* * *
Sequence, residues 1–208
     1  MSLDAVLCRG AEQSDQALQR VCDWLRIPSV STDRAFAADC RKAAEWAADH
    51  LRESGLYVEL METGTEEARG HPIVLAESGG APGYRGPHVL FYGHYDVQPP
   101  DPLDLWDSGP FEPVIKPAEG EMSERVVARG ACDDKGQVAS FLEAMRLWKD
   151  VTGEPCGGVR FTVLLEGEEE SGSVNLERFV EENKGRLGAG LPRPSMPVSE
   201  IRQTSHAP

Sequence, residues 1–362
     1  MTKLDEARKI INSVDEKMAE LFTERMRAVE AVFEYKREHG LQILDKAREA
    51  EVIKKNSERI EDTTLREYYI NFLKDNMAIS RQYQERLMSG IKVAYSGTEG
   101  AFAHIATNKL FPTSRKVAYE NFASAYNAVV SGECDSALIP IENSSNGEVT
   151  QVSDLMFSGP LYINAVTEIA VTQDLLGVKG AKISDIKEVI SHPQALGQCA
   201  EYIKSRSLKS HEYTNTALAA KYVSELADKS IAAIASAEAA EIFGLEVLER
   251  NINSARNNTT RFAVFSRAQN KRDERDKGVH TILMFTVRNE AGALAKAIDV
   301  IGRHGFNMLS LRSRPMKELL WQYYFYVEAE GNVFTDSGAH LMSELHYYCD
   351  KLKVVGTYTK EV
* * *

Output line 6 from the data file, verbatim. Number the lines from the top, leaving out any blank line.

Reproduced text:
   201  IRQTSHAP